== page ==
In my experience the people who think CA2 gave her Sharon’s personality/role are Sharon Carter fans, not so much diehard comics Natasha fanatics.
As someone who likes Sharon Carter I do think the MCU has done her wrong and kind of boiled her down to only the love interest aspect of the character, rather than the compelling foil to Steve that she can be when used well. Sharon in the comics was be pretty conflicted about abandoning her duty and job to follow Steve in Civil War, and removing that internal conflict gives her a lot less to really do in the movies.
As to whether Natasha has Sharon’s role, well, that’s something else. If you see Sharon’s role as “being a spy” and “being cynical foil for Steve”, then yeah, that is what Natasha does in Captain America 2. But a lot of characters share those traits in Captain America stories, including, like, Wolverine and Nick Fury. Natasha has served that role from time to time, too, notably in the Ellis Secret Avengers comics that featured Steve in an uncomfortable role with SHIELD. Those qualities are both pretty broad and entirely in keeping with Natasha’s personality.
But I see Sharon’s specific role in the Captain America mythos as more detailed than that. Sharon someone who grew up believing in the sort of values that Steve sells by breathing, who joined SHIELD to honor Peggy Carter’s legacy. Sharon is driven by a dedication to duty and service that mirrors Steve’s own, and that inspires and undermines their romance. Predictably, she and Peggy both suffer for being women introduced in the Silver Age, and Sharon dies and becomes one of the many people Steve feels he has failed. But then Sharon comes back, traumatized by years as a deep cover operative, and feeling betrayed by Steve for never rescuing her, and betrayed by the things he represents for the hell she went through subsequently.
The Sharon of this era probably occupies the place Natasha has in Captain America 2 the most directly. Natasha and Sharon both have a semi-flirtatious rapport with Steve and have more brutal methods. They challenge his idealistic way of thinking over the course of the story, but at the same time are drawn to his dedication to doing the right thing.
But importantly, for me, Sharon’s relationship with Steve is colored by her own past with Steve and by Steve’s own perceived failures. Natasha in CA:TWS, on the other hand, is more informed by her own attempts to find redemption and her complicated relationship with trust. Steve’s skepticism of Natasha is motivated by her own past betrayals and reputation, something that mirrors her early experiences with the Avengers and SHIELD in the 1960s, and her decision to leave SHIELD and spying and look for herself elsewhere is frequently repeated in Black Widow stories.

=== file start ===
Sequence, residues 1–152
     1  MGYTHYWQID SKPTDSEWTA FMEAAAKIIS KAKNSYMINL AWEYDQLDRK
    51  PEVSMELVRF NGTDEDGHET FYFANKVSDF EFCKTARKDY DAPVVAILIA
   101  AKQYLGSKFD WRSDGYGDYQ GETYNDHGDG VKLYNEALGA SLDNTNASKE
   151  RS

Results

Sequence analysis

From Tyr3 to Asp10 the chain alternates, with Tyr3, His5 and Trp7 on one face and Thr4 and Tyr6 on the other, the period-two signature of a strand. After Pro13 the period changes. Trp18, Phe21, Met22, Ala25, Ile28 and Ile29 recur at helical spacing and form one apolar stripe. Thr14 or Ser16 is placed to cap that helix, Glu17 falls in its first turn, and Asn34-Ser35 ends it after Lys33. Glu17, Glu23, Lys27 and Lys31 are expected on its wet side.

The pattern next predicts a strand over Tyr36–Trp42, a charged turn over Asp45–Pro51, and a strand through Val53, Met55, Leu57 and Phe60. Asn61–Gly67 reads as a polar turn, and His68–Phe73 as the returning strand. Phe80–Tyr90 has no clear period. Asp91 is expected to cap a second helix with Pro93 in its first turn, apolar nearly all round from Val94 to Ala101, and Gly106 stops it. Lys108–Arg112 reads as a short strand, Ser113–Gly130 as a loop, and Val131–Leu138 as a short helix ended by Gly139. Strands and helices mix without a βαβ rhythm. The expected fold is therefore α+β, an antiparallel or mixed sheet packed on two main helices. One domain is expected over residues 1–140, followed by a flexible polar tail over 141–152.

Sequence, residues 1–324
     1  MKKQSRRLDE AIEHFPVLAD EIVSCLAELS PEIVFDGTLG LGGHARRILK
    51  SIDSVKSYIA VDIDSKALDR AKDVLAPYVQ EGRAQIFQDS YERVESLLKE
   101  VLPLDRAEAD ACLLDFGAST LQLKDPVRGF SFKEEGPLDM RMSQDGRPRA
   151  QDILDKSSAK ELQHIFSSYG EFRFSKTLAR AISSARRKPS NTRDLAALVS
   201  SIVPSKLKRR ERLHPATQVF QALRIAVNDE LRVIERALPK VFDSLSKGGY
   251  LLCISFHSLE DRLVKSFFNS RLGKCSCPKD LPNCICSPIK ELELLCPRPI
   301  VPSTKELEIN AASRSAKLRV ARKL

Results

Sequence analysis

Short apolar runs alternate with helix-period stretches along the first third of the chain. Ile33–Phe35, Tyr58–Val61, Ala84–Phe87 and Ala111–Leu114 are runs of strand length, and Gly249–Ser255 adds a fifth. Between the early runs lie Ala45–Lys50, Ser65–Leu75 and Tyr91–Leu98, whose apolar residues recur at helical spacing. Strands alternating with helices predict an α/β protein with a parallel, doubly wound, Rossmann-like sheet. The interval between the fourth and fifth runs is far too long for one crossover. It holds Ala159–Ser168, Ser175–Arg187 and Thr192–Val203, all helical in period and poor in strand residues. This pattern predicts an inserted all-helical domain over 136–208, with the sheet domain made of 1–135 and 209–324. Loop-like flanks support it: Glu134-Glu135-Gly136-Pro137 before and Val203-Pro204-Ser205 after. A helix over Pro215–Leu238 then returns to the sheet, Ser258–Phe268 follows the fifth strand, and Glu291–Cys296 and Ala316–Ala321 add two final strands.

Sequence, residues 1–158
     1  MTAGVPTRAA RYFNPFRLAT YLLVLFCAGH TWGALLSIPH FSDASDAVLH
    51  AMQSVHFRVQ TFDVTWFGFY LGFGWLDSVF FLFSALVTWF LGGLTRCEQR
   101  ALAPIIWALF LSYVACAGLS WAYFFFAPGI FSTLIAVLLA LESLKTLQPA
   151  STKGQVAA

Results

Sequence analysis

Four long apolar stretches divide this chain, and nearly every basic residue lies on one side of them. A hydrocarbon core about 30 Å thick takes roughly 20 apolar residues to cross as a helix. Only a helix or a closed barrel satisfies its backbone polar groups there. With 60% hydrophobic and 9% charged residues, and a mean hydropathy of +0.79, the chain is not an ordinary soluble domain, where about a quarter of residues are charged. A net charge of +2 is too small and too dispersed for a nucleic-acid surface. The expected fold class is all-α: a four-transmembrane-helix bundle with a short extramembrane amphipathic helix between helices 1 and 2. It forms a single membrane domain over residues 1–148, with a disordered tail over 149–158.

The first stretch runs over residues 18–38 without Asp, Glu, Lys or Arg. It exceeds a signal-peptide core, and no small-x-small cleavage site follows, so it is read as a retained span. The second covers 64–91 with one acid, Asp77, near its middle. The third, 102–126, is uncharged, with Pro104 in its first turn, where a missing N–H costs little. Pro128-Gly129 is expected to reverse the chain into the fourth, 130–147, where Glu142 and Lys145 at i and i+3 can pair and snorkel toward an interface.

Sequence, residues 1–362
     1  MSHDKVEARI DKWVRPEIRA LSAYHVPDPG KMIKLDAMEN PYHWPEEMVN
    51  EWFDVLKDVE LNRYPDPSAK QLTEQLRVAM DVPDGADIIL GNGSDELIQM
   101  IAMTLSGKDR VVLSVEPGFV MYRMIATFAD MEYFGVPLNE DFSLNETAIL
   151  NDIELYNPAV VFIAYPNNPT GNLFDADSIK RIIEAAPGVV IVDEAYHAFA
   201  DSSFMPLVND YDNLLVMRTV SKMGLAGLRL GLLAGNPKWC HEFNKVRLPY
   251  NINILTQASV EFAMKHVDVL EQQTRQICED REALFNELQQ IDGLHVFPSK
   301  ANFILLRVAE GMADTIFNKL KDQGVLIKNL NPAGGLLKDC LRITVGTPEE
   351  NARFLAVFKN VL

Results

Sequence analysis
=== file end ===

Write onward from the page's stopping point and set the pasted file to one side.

Also, the role that Sharon plays in Brubaker’s Captain America run isn’t that, cynical, flirtatious deep cover operative; her role in that story is one of Steve’s tragic true love. That plotline goes places the films never do, with Sharon being brainwashed and pregnant and in love, fighting off her attackers alone. In some ways, with Bucky’s reintroduction as the Winter Soldier, he’s the one who comes to occupy the narrative space that Sharon did in the Mark Waid run, and Sharon’s later brainwashing is a mirror of Bucky’s trauma.
What I’m trying to demonstrate here is that Sharon Carter is both pretty cool and constantly screwed over, but also that comics don’t always repeat themselves but often rhyme. And so a lot of similar stories get told with the parts rotating around, creating a thematic continuity. And that’s kind of what adaptations hold to.
I was initially pretty skeptical of Natasha having a larger role in Captain America 2 because I was worried, as always, that it would be handled poorly, and because I was especially worried about them handling Bucky/Natasha, a pairing I like, in a way that I didn’t. I was generally pretty pleased with the film though, and most of the story beats it hit felt true to Natasha even if the details were mixed around.
For me, Natasha’s appearance in Iron Man 2 was mostly unremarkable and bland, which was still a step up for movie superheroines, so I was mostly glad they hadn’t totally screwed her up. I really liked Avengers, and from there I just kind of pick and chose the parts of each film I like instead of taking them as separate incarnations. One criticism I do have of Natasha’s role in Captain America 2 that I haven’t seen echoed elsewhere is that by sticking these beats into a Captain America story (instead of the Avengers context where they happened originally, or even better in a standalone BW film) they sort of end with Natasha’s moral journey framed in terms of the triumph of Steve’s idealism.
I’d say that “Steve is always right” is at least accurate to the comics, but one of my favorite things about the original Winter Soldier comic is how Steve wasn’t successful in getting through Bucky’s brainwashing, and needs to use the Cosmic Cube to do it. So maybe that’s where my real dissatisfaction comes from. Who knows?
I also find there’s this impulse to criticize MCU Natasha for “taking over” things that rightfully belong to other characters— Wasp’s place as a founding Avenger, Bobbi’s batons and her relationship with Clint, Sharon’s role in Winter Soldier— just as there’s an impulse to blame Carol for getting the solo film that Natasha hasn’t. I don’t think that’s a particularly great way to frame feminist media criticism or a particularly fun way to be a fan, but that’s another convo entirely.